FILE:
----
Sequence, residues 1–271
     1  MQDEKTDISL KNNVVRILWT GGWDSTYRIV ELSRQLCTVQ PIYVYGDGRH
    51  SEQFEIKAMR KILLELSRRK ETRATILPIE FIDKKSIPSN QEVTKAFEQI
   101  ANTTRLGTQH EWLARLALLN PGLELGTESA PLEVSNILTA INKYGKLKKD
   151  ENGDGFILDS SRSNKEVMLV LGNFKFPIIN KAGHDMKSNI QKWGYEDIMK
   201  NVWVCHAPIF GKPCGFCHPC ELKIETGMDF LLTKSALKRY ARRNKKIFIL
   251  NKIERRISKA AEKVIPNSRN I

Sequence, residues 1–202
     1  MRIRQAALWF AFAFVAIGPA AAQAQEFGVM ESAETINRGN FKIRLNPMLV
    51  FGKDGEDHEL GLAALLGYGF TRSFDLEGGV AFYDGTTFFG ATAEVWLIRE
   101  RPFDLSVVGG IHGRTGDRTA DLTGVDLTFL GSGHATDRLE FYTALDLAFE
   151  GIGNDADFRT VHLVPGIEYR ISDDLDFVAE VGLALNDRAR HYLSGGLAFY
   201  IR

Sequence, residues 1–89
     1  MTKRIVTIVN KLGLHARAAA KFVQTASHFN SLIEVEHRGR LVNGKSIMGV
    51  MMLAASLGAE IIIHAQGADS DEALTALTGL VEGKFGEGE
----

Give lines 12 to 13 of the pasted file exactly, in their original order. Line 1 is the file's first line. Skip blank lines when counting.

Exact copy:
   151  GIGNDADFRT VHLVPGIEYR ISDDLDFVAE VGLALNDRAR HYLSGGLAFY
   201  IR